Review: Gone Girl

Murder, marriage, and the unforgettable Ben Affleck

Writer turned bar owner, Nick Dunne (Ben Affleck) comes home on the day of his 5th anniversary to find signs of a violent struggle and his wife, Amy (Rosamund Pike), missing. Soon enough the media takes hold of the story, forcefully throwing Nick into the public eye. As the speculation over his wife’s location (dead or alive) intensifies and inconsistencies appear in his story, Nick soon finds himself evading a police investigation. His wife missing, his innocence questionable, his life in tatters, Nick Dunne free-falls through this stylish thriller by A-list director, David Fincher.

His first feature since 2011’s The Girl with the Dragon Tattoo, Fincher’s new film is also based on an incredibly successful novel. Published in 2012, Gillian Flynn’s Gone Girl quickly topped the New York Times Best Seller’s list and stayed there for an impressive eight weeks. It is no surprise then that by December of the same year Flynn had already been asked to adapt her story into a screenplay and had handed in her first draft.

Though the source material may be draped in accolades, the film is not without its controversy. Upon its release it was met with a slew of articles denouncing it as misogynistic for its treatment of Amy, and that equally in turn resulted in counter articles claiming that the film actually empowered women. On top of that, more controversy arose out of the film’s brutal violence, the BBFC awarding it an 18 rating for ‘strong violence, which features a significant focus on blood and injury detail’ and ‘over 50 uses of strong language’, so it may not be best suited for the squeamish or the easily offended. But, what Gone Girl has definitely shown in its divisiveness is that it will make people talk.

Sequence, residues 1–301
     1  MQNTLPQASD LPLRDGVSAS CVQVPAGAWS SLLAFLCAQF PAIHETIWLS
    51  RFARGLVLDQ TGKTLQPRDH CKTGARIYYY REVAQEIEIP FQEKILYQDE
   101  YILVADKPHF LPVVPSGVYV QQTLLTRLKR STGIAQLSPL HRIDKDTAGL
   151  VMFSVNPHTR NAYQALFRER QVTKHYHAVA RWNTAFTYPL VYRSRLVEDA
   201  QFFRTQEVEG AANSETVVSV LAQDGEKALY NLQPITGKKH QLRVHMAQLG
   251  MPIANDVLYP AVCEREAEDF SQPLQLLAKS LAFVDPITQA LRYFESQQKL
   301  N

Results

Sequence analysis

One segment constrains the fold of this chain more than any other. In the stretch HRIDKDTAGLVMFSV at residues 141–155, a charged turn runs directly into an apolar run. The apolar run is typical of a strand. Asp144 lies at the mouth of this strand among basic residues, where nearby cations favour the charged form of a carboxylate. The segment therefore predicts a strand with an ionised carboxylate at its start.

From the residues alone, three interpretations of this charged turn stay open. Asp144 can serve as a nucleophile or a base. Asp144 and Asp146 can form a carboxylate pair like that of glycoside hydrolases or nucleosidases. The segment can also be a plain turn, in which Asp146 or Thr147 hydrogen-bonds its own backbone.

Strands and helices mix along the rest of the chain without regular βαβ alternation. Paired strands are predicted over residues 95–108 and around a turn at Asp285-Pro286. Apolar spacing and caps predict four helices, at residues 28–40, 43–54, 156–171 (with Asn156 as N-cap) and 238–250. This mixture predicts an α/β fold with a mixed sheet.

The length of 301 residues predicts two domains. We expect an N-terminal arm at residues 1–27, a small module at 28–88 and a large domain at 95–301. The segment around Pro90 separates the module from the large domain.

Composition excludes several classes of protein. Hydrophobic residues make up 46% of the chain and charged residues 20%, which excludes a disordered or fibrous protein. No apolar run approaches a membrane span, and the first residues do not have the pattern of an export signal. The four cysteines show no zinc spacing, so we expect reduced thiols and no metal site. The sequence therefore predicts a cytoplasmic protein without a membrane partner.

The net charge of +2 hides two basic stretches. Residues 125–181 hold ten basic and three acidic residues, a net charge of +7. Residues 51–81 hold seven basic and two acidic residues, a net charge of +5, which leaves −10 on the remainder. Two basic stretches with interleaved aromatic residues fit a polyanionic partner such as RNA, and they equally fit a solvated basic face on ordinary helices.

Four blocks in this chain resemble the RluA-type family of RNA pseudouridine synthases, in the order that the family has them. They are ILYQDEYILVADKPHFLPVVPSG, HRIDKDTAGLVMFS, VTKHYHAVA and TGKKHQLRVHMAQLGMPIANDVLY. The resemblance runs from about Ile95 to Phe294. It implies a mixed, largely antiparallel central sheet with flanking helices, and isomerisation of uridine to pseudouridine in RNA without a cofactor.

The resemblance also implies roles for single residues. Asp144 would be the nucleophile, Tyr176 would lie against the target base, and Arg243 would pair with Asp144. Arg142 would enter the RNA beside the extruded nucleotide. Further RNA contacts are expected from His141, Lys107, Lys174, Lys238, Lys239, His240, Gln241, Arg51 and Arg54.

The film’s not-so-lovely couple are cast perfectly. Ben Affleck (reborn as Batfleck in light of his recent casting as Batman in the upcoming Batman vs Superman blockbuster) easily encompasses the role of Nick Dunne, an unambitious slacker that never lived up to his wife’s expectations. Considering that the film’s success relies squarely on Nick being a malleable persona in the eyes of the audience, Affleck does a stellar job. He fills the silhouette of someone as innocent as those fruit smoothies in one moment, to being guiltier than OJ in the next. Equally, Rosamund Pike also delivers as the titular Gone Girl, Amy, a classic template of the cool girl that eats junk food, likes dirty jokes and dislikes Adam Sandler movies. That is not to say that Amy is the heroine of the film, far from it, but Pike succeeds in showcasing that Amy’s easy going personality may only be skin deep. Rather curiously, the supporting cast is largely constructed of comic actors; Neil Patrick Harris of How I Met Your Mother fame playing Desi Collings, one of Amy’s stalkerish ex-boyfriends, and Tyler Perry from generally bad films fame playing media savvy lawyer, Tanner Bolt a.k.a ‘the patron saint of wife killers’. These odd casting choices work well in the film which carries a surprising amount of dark comedy. This is perhaps where the film encounters one of its few missteps; Patrick- Harris’ character in particular ends up being funnier than he is menacing which creates some jarring tonal imbalances in the latter stages of the film.